So, are you a sociologist? You spend years in academic training, learning about society and its behaviors, looking at statics for trends in variables and culture. It’s an infinitely interesting field of study but other than pursuing a career in academic research what other jobs can someone with a sociology major do?
Here is a list of the top five jobs someone with a sociology major can do:
1. Social work
A rose by any other name, right? Well, the immediate choice for a sociologist that has foregone the academic career route is social work which has many offshoots and specialties. One of the most popular segments of social work is case management and administration. Both of these fields are extremely rewarding as you often help people in crisis and help resolve situations that put people and dependents (children) at risk. There are private non-for-profit and government agencies that deal with the welfare of at risk individuals. Be warned though that it can be an extremely emotionally draining job, especially in cases in which the welfare of a child comes into play and the child has to be taken into state custody.
2. Medical industry
Many health care services employ graduates with sociology majors to help with admissions, addict support/therapy and family planning. Much like the previous job, these services are offered by both government institutions and NGO’s to assist high-risk people within their respective communities. With certain certifications a sociologist can also be employed in the healthcare services as an insurance clerk who is charged with keeping patients’ files up-to-date and author invoices for services. An added benefit of the healthcare industry is it’s constantly expanding and frequently hiring.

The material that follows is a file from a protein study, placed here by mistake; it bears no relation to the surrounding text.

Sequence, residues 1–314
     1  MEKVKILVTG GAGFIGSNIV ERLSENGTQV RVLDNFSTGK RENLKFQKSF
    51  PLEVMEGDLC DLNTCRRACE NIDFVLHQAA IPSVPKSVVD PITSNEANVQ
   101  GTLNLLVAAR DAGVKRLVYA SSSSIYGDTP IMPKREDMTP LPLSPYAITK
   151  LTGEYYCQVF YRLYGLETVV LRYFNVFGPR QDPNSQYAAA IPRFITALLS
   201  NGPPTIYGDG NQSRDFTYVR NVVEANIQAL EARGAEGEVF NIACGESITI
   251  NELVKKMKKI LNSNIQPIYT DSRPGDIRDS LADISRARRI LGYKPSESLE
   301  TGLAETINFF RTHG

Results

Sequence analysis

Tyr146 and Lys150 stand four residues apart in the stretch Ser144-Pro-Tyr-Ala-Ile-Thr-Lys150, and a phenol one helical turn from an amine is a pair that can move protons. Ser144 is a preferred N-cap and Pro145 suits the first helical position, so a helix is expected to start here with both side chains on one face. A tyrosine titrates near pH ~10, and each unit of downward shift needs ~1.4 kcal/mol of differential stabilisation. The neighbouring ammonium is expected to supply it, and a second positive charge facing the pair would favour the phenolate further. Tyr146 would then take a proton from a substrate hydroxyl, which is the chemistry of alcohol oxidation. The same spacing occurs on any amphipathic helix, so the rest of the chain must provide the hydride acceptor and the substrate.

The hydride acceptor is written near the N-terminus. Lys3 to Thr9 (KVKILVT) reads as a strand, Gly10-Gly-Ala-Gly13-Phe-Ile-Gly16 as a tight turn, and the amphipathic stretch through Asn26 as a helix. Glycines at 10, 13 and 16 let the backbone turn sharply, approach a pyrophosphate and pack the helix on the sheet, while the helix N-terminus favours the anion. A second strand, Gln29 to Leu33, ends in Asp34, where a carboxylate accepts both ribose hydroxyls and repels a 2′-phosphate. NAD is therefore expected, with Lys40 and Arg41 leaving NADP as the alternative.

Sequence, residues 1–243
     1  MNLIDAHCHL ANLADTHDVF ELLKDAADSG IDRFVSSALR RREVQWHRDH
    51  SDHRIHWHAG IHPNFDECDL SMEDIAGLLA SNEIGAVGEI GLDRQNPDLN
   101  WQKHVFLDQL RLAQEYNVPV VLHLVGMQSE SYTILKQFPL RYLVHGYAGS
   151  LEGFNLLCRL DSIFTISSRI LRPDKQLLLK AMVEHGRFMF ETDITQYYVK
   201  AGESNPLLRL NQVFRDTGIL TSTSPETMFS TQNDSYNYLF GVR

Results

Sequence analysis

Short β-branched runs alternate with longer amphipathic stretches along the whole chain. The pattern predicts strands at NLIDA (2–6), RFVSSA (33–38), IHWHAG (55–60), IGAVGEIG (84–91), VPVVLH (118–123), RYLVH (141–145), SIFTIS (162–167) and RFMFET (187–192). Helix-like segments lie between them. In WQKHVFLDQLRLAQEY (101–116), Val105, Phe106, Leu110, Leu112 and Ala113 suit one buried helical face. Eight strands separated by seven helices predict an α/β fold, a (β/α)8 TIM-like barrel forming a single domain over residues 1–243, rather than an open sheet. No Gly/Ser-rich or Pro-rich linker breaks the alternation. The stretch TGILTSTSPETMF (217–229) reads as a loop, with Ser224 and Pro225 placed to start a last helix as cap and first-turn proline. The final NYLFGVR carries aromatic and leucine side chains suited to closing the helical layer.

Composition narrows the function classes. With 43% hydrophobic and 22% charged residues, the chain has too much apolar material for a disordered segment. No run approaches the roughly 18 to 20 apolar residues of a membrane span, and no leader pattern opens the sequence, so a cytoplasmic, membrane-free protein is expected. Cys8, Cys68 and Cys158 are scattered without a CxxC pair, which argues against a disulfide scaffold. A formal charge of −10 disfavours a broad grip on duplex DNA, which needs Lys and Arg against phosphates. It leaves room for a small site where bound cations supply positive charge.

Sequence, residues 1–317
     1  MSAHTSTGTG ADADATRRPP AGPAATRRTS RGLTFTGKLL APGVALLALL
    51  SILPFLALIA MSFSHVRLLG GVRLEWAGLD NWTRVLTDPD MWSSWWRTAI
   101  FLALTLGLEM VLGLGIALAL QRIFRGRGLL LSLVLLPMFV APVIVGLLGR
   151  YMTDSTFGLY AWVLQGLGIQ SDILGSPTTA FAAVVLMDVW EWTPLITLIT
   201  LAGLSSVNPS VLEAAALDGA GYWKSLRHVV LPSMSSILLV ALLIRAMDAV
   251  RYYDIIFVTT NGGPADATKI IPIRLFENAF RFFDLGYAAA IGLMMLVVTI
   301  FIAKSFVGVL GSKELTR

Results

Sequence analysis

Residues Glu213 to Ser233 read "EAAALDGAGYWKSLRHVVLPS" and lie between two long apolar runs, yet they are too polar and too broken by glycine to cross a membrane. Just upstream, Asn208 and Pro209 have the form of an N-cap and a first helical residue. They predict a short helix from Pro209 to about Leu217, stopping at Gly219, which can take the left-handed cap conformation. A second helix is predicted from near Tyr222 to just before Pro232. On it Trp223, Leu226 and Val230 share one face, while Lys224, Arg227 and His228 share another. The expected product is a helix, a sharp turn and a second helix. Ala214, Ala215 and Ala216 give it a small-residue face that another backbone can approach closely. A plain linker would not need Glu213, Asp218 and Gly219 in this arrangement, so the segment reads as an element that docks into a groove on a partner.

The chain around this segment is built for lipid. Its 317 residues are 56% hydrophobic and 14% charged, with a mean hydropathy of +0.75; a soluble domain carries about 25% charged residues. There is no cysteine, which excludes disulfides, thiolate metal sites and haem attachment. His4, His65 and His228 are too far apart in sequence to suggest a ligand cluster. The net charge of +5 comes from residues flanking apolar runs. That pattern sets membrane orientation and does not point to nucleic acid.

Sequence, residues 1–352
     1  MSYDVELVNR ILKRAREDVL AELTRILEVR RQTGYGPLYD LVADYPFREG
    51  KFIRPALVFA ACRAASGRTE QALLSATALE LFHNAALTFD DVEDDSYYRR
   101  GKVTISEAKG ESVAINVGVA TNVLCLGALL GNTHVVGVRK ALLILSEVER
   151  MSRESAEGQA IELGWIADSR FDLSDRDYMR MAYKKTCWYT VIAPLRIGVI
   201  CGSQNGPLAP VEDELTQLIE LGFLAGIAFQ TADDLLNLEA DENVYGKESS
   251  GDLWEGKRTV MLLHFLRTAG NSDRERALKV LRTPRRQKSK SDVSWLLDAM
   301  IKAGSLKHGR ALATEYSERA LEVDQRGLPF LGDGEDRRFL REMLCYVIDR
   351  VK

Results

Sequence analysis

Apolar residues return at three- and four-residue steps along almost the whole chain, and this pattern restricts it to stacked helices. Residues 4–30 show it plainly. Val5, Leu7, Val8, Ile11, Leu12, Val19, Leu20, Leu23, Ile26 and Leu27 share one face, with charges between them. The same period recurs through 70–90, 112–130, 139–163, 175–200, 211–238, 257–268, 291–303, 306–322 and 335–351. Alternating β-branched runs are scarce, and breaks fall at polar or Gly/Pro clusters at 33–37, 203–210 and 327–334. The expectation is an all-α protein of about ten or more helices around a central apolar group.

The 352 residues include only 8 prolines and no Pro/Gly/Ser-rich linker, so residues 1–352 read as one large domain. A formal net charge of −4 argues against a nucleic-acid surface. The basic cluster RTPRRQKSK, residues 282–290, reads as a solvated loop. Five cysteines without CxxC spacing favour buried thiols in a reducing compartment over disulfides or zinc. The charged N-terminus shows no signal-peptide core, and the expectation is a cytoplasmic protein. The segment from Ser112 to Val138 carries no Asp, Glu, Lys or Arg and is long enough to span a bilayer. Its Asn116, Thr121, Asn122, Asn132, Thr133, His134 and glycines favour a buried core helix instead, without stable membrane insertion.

3. Charity work
Beyond social work another way you can contribute to the welfare of disadvantaged individuals is by engaging in charity work. Again this is a field that has many different employment options, from the relative straight forward fundraising either in person or via telephones, advertising and promotion of the charitable organization’s work, advocacy and administration. No matter what the position you choose though, it’s extremely socially rewarding with an often immediate effect on people. Although breaking into Chartable work might necessitate a period of volunteering, you will soon reap both the emotional, social and financial rewards.
4. Law enforcement
Parole officers are usually tasked with supervision and assisting the reintegration of individuals recently released from the criminal justice system. Usually, parole officers study either criminology or sociology and have to pass a standardized test, a background check and a few weeks of training (between 4 and 6 in most cases). Well-developed communication skills, ability to work under pressure and not being averse to working in dangerous environments are definitely requirements of the job.
Due to the heavily theoretical nature of sociological studies, people that major in it develop a very good command of the written language. This skill can be used outside the field of sociology for example, in publishing- either as contracted or freelance, and work as writers, editors and researchers. You might even be able to find a publication to work with that specializes in sociology thus giving you the ability to exercise the full range of your knowledge.
Do you know of any other jobs that sociology majors can do? Let us know in the comment section below.